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Rise to the Top

Will you tell me a little about how you joined the McGowan team and RISE?

In October of 2021, I helped with the public launch of NEPA RISE. Throughout that time, I was still on the marketing side, really trying to grow the awareness of this wonderful program because though we have other workforce programs in our region, this one was so unique. We always say it’s not a one size fits all box; every student that we support has their own unique story and their own needs and their own goals. Working with the RISE team and working with the McGowan Fund, it became clear that in order to help this pilot program lift off, we needed someone that could be boots on the ground, someone who could be front facing and help to create partnerships and understanding so that we can be a top-of-mind program in the community. In July of 2022, I came on as program director for NEPA RISE.


What has been your favorite part of the job so far?

I’m so grateful to get the chance to know some of our participants and encourage them throughout their whole process. I love being there for orientation, the first day that we bring cohorts into the program, congratulating them. The way we look at it, taking that first step and getting inducted into the program, you’re a winner already. It’s something to celebrate. Celebrating those little steps along the way is a critical component to feeling increased confidence and resilience as a person. I also feel very lucky for the opportunity to sit next to our participants and hear about their hardships. It helps to know their stories.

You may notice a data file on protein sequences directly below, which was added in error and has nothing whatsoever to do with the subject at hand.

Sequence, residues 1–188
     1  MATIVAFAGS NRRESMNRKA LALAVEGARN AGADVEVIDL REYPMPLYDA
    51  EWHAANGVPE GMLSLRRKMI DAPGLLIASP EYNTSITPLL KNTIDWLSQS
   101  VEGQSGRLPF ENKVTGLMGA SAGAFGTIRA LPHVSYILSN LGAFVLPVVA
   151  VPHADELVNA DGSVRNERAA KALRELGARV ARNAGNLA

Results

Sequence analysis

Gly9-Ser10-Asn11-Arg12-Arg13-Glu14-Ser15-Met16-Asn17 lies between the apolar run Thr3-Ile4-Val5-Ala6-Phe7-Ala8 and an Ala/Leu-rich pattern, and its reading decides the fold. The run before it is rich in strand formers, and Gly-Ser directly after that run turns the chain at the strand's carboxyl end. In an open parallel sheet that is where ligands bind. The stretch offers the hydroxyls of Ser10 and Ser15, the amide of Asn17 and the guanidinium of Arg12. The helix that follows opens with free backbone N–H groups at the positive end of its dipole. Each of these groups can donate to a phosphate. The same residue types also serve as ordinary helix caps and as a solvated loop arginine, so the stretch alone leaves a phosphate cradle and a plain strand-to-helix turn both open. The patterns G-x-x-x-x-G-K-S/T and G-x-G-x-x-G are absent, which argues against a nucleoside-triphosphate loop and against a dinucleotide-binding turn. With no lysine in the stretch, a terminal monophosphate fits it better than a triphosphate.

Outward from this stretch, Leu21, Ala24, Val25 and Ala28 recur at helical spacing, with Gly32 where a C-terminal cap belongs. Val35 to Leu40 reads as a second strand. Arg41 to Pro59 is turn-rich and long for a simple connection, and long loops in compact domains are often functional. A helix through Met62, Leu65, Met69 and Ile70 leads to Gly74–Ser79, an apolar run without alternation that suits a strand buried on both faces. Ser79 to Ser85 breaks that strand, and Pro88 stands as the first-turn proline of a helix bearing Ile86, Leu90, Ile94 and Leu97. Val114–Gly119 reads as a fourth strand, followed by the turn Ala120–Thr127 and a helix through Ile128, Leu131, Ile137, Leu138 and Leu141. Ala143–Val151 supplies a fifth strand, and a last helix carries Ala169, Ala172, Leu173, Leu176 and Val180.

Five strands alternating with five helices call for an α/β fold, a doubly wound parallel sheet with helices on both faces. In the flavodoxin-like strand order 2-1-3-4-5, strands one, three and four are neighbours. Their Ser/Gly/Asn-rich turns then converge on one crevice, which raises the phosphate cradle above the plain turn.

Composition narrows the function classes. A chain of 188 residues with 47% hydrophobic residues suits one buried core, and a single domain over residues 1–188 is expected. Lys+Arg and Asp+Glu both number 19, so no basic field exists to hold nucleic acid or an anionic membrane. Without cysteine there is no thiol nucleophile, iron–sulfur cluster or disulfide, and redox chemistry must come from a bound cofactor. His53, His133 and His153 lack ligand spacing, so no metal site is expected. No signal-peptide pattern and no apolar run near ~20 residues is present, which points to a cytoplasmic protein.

Would you share some of those stories with us?

I can never get this one out of my head. This was the first interview I ever had with one of our students, Lucy, during Cohort One. Lucy was an immigrant and was explaining to me that she had left her family for this better promise of the future. She was just trying to make ends meet, and she told me that to get groceries, she was walking three miles to the closest Walmart. It was three miles up and down hills, and then, she’d have to go home that same way, but with grocery bags. And Lucy was doing it at least once a week. There is so much grit there, and I feel very fortunate to be able to help provide support around somebody like that so that we can alleviate that burden and make her life a little easier. In terms of this particular student, our services helped her with the affordability of transportation, and we got her a bus pass so that she didn’t have to do that walk.


It’s clear these extra services really benefit the participants. How have you seen the program benefit their careers more long-term?

One participant, Melanie, a single mother of four, came to the RISE program interested in becoming a computer and security specialist. Nearer graduation, as Melanie was applying for jobs and trying to really get placement in the field, she had an interview as an IT help desk specialist. She interviewed great and felt that it was due to the support that she received throughout our program. She told me that during the interview she was able to draw upon the executive functioning skills that she’d learned. In fact, it turned out that she had interviewed so well, that the company brought her back and offered her a bigger job than help desk; they offered her a job as a recruiter for the company and explained that her incredible interview coupled with her background in retail and her interpersonal skills made her ideal for the position. Now she’s traveling as an ambassador on their behalf.